Technology companies, banks, and real estate brokers have high expectations for the blockchain. The technology underpinning bitcoin could be used to move money, trade stocks, or sell houses more efficiently. One problem is that few programmers have the expertise to work on blockchain projects.
Jeff Garzik, one of about two dozen core bitcoin developers, is capitalizing on the hype by creating a coder-for- hire service specializing in the blockchain. His startup Bloq Inc. charges customers $3,000 to $5,000 a month to develop new features for blockchain software and have access to 24/7 customer support. PricewaterhouseCoopers LLP has agreed to sell Bloq's services to its clients, Garzik said. "That opens up a lot of doors for us early in the company's lifetime," he said. "Companies know who to call at 3 a.m. if the blockchain is melting down."
Garzik modeled his startup on Red Hat Inc., which built an $11 billion company out of helping businesses develop and implement Linux and other open-source software. He used to work at Red Hat, and he said his code can be found in every Android phone and in most data centers around the world. Since then, Garzik has been an important contributor to the technical and promotional benefit of bitcoin. He serves on the board of bitcoin advocacy group Coin Center and on the advisory boards of startups that include BitFury Group Ltd and Netki Inc. He has also tried to launch satellites supporting bitcoin transactions into space. That startup is not off to a good start.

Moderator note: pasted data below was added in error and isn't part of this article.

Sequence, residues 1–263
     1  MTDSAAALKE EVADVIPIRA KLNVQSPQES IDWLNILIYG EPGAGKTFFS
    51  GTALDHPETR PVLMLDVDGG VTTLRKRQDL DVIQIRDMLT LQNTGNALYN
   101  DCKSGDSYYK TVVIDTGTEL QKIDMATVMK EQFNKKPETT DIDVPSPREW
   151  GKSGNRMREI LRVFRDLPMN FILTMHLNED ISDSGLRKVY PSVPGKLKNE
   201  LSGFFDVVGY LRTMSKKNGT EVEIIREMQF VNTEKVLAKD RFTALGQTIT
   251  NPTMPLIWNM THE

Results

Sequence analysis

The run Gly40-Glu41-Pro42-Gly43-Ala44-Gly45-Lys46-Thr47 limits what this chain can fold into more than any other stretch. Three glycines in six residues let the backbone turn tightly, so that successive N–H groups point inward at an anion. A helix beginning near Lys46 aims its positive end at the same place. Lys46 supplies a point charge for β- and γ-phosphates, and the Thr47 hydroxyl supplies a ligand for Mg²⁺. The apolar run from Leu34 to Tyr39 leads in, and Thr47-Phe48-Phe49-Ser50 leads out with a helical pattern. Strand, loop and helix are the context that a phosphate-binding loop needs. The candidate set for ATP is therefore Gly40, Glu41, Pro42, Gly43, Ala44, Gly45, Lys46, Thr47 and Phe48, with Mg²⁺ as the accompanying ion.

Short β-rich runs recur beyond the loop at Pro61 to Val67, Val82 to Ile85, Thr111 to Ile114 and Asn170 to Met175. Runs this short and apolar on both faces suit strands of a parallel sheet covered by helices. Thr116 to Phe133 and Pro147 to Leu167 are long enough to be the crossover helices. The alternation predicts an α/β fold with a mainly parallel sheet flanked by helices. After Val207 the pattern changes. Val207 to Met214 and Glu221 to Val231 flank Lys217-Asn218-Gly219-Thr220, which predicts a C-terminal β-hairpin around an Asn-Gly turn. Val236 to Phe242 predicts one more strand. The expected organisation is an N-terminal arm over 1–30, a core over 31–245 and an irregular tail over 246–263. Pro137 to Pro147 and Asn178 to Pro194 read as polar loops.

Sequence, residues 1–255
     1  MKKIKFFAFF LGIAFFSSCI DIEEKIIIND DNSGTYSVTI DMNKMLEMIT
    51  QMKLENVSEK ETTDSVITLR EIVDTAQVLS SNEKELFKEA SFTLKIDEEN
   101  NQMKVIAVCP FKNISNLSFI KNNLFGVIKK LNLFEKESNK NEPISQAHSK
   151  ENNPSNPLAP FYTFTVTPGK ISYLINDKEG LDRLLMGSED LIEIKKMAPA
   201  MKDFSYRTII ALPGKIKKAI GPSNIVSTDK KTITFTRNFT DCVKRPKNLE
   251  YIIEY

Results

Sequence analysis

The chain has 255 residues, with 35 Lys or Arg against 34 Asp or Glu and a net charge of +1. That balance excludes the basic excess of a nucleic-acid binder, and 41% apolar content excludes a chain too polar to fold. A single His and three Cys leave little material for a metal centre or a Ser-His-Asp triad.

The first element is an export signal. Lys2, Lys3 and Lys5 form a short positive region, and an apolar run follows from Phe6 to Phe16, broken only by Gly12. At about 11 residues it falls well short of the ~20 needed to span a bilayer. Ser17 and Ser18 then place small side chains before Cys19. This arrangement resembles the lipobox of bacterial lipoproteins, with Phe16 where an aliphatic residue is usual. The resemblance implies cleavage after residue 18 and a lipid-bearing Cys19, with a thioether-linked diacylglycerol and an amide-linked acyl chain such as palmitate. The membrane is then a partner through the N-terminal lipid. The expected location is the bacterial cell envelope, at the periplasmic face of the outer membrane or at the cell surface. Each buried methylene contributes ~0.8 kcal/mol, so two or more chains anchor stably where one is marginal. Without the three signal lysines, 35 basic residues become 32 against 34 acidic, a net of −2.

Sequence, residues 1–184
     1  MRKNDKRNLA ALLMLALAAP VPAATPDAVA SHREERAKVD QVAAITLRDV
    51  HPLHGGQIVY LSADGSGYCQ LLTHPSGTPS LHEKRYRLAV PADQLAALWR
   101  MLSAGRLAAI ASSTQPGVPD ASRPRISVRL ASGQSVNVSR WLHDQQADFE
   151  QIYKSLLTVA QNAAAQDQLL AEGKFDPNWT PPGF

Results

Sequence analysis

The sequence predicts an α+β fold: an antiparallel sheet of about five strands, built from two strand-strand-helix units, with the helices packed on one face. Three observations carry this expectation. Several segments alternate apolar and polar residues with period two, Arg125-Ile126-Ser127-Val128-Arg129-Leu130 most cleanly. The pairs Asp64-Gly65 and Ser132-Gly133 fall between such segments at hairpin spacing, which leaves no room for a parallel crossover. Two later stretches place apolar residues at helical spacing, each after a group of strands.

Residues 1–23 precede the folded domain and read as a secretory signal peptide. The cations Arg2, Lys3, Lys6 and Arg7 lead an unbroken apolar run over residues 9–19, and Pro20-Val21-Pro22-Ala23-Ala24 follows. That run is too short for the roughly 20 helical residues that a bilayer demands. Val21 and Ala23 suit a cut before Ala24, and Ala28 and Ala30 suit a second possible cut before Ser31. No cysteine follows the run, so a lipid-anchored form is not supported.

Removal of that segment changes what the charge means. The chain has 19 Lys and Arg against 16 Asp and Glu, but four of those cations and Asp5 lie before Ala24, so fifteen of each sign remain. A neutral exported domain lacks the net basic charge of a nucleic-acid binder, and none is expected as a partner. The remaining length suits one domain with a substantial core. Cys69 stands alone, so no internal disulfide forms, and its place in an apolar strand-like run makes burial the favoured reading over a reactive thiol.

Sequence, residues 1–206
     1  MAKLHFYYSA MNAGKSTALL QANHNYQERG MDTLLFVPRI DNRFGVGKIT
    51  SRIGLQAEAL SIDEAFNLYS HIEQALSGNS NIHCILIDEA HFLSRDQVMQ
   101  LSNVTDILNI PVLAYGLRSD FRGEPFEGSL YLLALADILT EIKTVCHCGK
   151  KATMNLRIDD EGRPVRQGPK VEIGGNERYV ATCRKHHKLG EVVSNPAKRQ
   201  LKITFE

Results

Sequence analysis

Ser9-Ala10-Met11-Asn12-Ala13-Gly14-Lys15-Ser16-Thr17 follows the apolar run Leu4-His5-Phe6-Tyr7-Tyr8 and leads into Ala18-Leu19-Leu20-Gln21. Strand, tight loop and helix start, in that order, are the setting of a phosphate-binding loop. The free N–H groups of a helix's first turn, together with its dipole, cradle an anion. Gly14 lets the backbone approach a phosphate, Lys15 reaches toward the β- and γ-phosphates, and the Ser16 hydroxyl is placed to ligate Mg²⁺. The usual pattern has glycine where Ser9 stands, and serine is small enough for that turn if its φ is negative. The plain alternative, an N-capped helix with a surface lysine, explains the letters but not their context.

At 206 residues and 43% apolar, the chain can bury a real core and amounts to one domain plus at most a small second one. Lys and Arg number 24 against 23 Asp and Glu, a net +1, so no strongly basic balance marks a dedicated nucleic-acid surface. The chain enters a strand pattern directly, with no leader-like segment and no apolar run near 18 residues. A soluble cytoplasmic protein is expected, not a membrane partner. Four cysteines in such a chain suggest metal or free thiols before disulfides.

As bitcoin remains volatile, with onetime advocates of the digital currency predicting a doomsday scenario, many businesses have turned their attention to the blockchain. With Bloq, Garzik must compete with other ventures vying for the few programmers well-versed in working with the blockchain, a decentralized online ledger for logging transactions that involve bitcoin or just about anything else. "There are less than 200 people who know the blockchain very well," he said.
International Business Machines Corp. and Samsung Electronics Co. have collaborated on blockchain technology. Others, such as Chain, Factom, Digital Asset Holdings, and Overstock.com, are developing new applications that tie into the blockchain. R3, a consortium of dozens of financial institutions that include Barclays Plc and Wells Fargo & Co., is working on ways for its members to use the blockchain for money transfers and other applications. (Bloq will help clients implement technologies developed by the likes of R3, Garzik said.) "There is a big opportunity for companies building customized blockchains based on open-source code to address various business challenges," said Gil Luria, an analyst at Wedbush Securities.
Bloq has five customers, including bitcoin startups Circle Internet Financial Ltd, ItBit Trust Company LLC, and KnCMiner AB, and expects to soon add Foxconn Technology Group, which assembles iPhones and other electronics. Garzik said Bloq has raised less than $250,000 from his co-founder Matt Roszak's Tally Capital. The company's board of advisors includes bitcoin experts Andrew Filipowski, James Newsome, Nick Szabo, and Gavin Andresen.